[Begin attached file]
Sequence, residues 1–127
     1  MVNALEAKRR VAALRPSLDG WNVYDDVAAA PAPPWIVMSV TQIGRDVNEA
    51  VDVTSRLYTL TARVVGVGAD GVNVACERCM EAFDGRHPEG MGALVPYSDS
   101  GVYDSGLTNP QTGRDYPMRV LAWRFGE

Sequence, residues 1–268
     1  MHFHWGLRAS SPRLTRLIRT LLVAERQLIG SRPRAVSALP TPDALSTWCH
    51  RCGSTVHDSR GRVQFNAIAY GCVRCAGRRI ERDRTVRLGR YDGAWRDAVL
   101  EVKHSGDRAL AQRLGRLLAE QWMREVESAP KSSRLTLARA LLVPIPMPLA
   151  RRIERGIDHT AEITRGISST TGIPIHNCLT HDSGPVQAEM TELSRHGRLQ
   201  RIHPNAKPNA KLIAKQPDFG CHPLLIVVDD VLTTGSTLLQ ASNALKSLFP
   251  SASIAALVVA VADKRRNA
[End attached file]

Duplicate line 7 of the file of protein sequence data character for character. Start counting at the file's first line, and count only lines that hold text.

    51  RCGSTVHDSR GRVQFNAIAY GCVRCAGRRI ERDRTVRLGR YDGAWRDAVL